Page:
Animal model of sclerotic skin. I: Local injections of bleomycin induce sclerotic skin mimicking scleroderma.
We have established a mouse model for scleroderma induced by repeated local injections of bleomycin (BLM). Daily injection of BLM at a dose of >10 microg per ml for 4 wk induced histologic changes of dermal sclerosis, but not fibrosis, with thickened and homogenous collagen bundles and cellular infiltrates in BALB/C mice, whereas clinical signs of scleroderma were not apparent. In addition, lung fibrosis was also induced preceding the cutaneous changes. Sclerotic changes were not found in other sites of the skin distant from the injection site. Dermal sclerosis could also be induced by injecting BLM only every other day. The sclerotic changes of the dermis were sustained after ceasing BLM applications for at least 6 wk. Mast cells gradually increased in number as the sclerotic changes developed. Marked degranulation of mast cells was observed with elevated histamine release. The amount of hydroxyproline in skin was significantly increased at 4 wk of BLM treatment as compared with that in untreated or phosphate-buffered saline-treated mice. Anti-nuclear antibody was detected in serum of BLM-treated mice. Transforming growth factor-beta1 mRNA was detected at an early phase, while transforming growth factor-beta2 mRNA was strongly expressed at 4 wk when the sclerotic features were prominent. These results suggest that dermal sclerosis induced by BLM closely resembles systemic sclerosis both histologically and biochemically. Our mouse model can provide a powerful tool of inducing dermal sclerosis to examine the pathogenesis and the therapeutic approach of scleroderma. (+info)
A potential role for protease nexin 1 overexpression in the pathogenesis of scleroderma.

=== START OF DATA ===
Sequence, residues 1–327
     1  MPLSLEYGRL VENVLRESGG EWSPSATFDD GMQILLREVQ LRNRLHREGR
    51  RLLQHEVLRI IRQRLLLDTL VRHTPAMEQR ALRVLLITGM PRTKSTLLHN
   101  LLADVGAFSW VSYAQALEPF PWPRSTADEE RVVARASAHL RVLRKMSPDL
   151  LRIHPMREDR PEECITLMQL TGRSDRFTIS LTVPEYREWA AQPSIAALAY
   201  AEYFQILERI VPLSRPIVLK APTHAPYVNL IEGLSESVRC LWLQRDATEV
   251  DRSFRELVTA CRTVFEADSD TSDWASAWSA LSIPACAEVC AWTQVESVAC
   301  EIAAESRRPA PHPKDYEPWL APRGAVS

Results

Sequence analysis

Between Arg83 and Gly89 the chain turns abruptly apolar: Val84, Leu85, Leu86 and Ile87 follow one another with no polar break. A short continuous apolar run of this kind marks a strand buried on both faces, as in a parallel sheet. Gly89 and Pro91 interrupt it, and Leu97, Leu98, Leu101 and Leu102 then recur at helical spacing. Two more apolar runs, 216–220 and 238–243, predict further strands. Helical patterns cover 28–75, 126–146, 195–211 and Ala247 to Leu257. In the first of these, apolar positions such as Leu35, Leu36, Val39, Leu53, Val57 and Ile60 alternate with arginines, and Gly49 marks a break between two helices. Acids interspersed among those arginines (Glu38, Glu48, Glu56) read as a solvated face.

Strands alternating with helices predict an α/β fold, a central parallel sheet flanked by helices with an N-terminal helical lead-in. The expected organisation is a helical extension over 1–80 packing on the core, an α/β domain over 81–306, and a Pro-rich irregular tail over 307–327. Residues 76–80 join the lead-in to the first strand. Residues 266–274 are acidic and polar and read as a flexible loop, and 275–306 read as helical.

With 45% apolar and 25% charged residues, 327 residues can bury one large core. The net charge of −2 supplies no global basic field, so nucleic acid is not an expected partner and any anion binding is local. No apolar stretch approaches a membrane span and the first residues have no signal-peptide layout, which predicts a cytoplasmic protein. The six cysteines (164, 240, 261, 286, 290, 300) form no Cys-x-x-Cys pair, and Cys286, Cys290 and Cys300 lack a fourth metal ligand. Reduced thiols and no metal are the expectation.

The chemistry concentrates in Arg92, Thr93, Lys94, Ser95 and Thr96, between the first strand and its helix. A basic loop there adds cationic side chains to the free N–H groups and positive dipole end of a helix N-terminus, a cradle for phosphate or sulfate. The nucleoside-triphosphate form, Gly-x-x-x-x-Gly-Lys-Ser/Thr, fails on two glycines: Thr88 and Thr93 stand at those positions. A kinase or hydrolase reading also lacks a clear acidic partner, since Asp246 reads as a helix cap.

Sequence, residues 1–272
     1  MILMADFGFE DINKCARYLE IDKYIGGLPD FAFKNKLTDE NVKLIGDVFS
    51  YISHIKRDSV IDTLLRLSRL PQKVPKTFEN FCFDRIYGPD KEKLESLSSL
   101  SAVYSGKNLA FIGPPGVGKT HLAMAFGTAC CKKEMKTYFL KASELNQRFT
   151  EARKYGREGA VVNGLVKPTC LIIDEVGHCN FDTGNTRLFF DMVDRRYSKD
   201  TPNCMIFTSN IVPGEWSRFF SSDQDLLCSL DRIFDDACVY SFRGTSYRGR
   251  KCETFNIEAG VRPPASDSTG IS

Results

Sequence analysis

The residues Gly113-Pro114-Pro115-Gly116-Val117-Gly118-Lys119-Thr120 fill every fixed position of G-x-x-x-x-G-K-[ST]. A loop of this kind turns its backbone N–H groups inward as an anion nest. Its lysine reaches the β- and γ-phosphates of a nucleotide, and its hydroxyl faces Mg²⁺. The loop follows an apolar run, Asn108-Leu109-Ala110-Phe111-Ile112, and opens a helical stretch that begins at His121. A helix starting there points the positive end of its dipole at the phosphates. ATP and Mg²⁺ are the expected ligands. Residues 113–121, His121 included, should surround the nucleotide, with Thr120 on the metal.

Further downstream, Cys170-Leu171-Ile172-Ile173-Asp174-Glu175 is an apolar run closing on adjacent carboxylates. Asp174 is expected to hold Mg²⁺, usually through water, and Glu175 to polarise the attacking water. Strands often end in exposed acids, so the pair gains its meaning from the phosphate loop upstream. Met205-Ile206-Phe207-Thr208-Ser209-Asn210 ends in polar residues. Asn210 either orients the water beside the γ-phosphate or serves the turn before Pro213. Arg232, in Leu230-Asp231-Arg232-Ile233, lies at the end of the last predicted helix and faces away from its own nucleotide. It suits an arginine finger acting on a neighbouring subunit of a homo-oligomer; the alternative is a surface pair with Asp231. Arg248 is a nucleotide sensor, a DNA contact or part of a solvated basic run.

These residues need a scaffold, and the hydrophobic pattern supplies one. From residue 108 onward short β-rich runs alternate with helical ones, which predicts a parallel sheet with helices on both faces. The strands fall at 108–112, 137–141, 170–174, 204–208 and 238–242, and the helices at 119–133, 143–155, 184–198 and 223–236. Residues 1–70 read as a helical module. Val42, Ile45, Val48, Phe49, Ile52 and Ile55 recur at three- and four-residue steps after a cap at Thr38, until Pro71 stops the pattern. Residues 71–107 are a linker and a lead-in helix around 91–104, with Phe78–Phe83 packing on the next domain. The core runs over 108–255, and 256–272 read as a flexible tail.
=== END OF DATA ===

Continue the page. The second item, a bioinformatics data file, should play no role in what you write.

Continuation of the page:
Scleroderma currently affects approximately 75,000-100,000 individuals in the United States. Fibroblasts isolated from lesional skin of scleroderma patients overexpress collagens and other matrix components, and this abnormality is maintained for multiple passages in culture. To understand the molecular basis for matrix gene overexpression, we performed a differential display comparison of fibroblasts from clinically lesional and nonlesional scleroderma skin. The results suggested that protease nexin 1 (PN1), a protease inhibitor, is overexpressed in scleroderma fibroblasts. Northern blot verification showed that lesional and nonlesional scleroderma fibroblasts had three- to five-fold increased levels of PN1 mRNA compared with healthy fibroblasts. Western analysis showed that scleroderma fibroblasts also secreted more PN1. In situ hybridization of skin biopsy specimens demonstrated PN1 expression in the dermis of four out of six scleroderma patients but no PN1 expression in the dermis of six healthy volunteers. Transient or stable overexpression of PN1 in mouse 3T3 fibroblasts increased collagen promoter activity or endogenous collagen transcript levels, respectively. PN1 mutagenized at its active site and antisense PN1 both failed to increase collagen promoter activity. These results suggest that overexpression of enzymatically active PN1 may play a pathogenic role in the development of the scleroderma phenotype. (+info)